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Infering Physical Topology from Logical

Problem Statement

We have a bunch of small identical radios with LEDs, and we want to animate them as if they were one giant screen. This means we need to know the physical location of each radio relative to one-another. But these radios don’t have GPS, so all we get to know is the logical topology of the network.

For example, if given the following adjacency matrix (The X and Y axis show each radio as a unique color, and a black grid square means those two radios are within communication range of one-another), what might the physical topology be?

Edge Matrix


It’s not at all obvious, but this is a square grid of radios.

Physical topology

If you sort the columns rather then display them in random order, you can start to tell this is fairly symmetric topology.

Sorted edge matrix

You might notice that for some configurations, this problem is impossible to solve. When all the nodes are very close (so the adjacency matrix is completely filled in), or all very far from each other (the adjacency matrix is nowhere filled in), it’s impossible for us to say where the nodes might be relative to each other, as we just don’t have enough information.

In spite of this, might we find a satisfactory way to get a best-effort solution?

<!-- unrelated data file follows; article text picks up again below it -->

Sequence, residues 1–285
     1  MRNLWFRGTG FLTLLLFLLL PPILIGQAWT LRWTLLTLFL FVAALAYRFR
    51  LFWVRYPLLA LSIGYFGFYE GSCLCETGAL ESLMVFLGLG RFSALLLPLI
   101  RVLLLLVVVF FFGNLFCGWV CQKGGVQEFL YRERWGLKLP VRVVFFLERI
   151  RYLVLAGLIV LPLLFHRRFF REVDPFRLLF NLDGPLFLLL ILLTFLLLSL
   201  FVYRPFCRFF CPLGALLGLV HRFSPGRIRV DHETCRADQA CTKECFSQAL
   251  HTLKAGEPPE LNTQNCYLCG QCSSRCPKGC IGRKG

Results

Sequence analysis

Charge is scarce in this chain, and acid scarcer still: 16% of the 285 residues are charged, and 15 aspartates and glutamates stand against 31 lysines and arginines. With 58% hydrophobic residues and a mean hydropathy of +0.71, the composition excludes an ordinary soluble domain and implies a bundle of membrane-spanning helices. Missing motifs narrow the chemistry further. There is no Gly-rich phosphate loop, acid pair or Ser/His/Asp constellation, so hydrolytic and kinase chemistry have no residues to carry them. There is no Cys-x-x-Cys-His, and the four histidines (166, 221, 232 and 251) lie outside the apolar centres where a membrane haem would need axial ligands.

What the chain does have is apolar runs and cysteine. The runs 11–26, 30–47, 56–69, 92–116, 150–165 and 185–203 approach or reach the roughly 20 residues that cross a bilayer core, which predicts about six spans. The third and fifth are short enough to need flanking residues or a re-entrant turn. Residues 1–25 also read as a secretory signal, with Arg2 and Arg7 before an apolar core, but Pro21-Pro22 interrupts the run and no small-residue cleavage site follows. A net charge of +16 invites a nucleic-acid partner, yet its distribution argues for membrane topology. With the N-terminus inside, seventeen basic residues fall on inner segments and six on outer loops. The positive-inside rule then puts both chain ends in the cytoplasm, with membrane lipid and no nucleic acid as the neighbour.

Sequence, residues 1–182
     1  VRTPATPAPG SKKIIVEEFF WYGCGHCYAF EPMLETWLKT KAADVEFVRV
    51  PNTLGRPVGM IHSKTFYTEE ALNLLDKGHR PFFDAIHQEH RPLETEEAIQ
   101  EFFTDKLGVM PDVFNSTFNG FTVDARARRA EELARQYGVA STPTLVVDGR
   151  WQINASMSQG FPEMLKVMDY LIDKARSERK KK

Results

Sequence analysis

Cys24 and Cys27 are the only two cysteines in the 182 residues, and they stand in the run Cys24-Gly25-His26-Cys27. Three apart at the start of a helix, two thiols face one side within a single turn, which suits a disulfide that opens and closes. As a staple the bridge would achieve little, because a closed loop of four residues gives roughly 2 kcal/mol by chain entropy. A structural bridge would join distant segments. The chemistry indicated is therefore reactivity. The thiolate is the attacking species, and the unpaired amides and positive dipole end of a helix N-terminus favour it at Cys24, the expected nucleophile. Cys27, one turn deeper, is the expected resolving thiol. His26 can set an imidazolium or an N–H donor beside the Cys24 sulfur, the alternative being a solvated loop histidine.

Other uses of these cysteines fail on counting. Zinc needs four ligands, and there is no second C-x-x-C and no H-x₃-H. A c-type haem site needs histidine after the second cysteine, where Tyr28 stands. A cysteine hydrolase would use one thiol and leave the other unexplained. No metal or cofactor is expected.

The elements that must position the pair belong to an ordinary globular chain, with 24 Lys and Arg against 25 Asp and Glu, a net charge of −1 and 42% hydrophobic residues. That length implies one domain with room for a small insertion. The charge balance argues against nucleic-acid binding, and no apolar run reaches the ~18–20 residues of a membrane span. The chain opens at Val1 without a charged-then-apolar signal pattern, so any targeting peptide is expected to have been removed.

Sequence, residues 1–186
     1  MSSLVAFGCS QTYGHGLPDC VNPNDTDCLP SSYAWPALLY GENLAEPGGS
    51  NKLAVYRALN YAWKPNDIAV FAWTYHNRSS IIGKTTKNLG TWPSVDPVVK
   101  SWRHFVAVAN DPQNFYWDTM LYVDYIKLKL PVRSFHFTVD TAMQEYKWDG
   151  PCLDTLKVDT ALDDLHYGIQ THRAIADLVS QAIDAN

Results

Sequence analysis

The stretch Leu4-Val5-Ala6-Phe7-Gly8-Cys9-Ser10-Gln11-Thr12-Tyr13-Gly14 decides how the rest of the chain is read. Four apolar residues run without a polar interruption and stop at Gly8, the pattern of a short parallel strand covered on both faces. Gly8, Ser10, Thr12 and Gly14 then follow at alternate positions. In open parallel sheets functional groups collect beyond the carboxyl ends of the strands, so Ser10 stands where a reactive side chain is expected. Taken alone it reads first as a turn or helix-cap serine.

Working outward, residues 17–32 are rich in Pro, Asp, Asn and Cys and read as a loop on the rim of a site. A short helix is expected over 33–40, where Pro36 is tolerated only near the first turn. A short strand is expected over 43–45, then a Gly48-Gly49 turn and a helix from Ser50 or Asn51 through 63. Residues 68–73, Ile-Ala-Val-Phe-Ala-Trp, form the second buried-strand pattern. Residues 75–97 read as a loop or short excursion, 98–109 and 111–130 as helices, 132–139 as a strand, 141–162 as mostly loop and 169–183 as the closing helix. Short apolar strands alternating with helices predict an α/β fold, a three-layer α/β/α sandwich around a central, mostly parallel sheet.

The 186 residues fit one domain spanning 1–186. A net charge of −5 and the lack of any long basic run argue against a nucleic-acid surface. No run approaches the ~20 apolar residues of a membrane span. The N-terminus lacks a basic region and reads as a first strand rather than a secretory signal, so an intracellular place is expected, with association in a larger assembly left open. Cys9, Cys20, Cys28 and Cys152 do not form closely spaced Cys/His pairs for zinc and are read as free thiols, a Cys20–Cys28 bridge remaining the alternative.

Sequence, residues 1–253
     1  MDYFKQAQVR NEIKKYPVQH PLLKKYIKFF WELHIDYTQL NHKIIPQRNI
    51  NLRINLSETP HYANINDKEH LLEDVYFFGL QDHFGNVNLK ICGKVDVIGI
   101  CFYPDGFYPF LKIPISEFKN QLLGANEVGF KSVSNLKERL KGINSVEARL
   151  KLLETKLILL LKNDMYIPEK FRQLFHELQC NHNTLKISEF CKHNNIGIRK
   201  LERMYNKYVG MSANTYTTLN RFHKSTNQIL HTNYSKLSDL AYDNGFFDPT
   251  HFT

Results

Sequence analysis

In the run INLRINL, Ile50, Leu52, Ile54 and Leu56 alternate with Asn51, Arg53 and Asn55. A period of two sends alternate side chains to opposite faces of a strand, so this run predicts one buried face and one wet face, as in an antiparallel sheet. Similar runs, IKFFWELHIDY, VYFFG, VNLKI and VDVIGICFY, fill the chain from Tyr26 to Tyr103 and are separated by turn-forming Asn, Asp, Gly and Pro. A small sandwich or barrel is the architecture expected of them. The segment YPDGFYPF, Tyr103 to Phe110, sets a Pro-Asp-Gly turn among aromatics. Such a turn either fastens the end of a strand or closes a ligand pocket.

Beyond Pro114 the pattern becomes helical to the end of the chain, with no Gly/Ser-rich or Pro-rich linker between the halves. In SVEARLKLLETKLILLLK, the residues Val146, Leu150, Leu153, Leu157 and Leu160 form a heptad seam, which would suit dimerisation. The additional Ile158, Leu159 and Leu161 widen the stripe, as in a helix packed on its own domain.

Force Directed Graphs

How about we run a physical simulation and see if the computer can just stumble upon a good solution?

Initially, lets place all the nodes on the screen at random, and then we apply forces and let the simulation play out. Here are the rules we will use:

  1. If a node is connected to another node, apply a force that pulls those nodes towards each other. For aesthetic reasons we actually pull the nodes within a set radius of one-another, so as to not have them get too close.
  2. If two nodes are not connected, apply a force pushing them apart. The push is stronger the closer they are, and very weak when far apart.
  3. Add a dampening force so we minimize oscillations.

We should expect to see the nodes move into fairly valid solutions. Here’s an interactive demo where you can move the physical nodes (large nodes) around on screen, and see the adjacency matrix update, and consequently, the force directed graph as well (small nodes).

One interesting question to ask is for what configurations does the force directed graph give reasonable solutions? We already know in extreme cases (fully connected or no connections) the force directed graph will be useless, so at what point do we enter a reasonable range? As just one example to investigate, we look at the grid. We slowly increase the communication range, spanning from no connections to fully connected. Note that we don’t restart the simulation every time, so at every step the graph is transitioning from an already reasonable state, not just random placement.

expanding communication range

We see for this size grid, for these force directed graph parameters, with slow transitions between each communication range increase, that the solution seems reasonable when the degree of the central node is within range of 4-12, and fails for 0 (which we expected) and above 12 (which notably is not fully connected, as we can see in the adjacency matrix). It would be interesting to see more tests with varied parameters (random seeds, force graph parameters, topologies, etc.), and with a more reasonable metric then “looks about right”.